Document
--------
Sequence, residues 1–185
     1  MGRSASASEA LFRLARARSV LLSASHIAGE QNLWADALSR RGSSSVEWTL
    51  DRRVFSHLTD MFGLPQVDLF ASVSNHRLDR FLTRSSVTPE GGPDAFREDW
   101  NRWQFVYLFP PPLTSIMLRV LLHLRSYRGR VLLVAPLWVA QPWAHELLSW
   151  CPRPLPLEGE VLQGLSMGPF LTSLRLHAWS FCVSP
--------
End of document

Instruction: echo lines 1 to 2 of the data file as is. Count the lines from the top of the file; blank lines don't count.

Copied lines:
Sequence, residues 1–185
     1  MGRSASASEA LFRLARARSV LLSASHIAGE QNLWADALSR RGSSSVEWTL